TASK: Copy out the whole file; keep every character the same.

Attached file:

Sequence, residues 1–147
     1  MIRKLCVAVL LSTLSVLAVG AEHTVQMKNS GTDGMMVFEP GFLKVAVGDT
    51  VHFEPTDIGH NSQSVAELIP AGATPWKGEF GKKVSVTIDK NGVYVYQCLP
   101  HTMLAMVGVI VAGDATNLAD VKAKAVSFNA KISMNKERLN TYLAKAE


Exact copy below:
Sequence, residues 1–147
     1  MIRKLCVAVL LSTLSVLAVG AEHTVQMKNS GTDGMMVFEP GFLKVAVGDT
    51  VHFEPTDIGH NSQSVAELIP AGATPWKGEF GKKVSVTIDK NGVYVYQCLP
   101  HTMLAMVGVI VAGDATNLAD VKAKAVSFNA KISMNKERLN TYLAKAE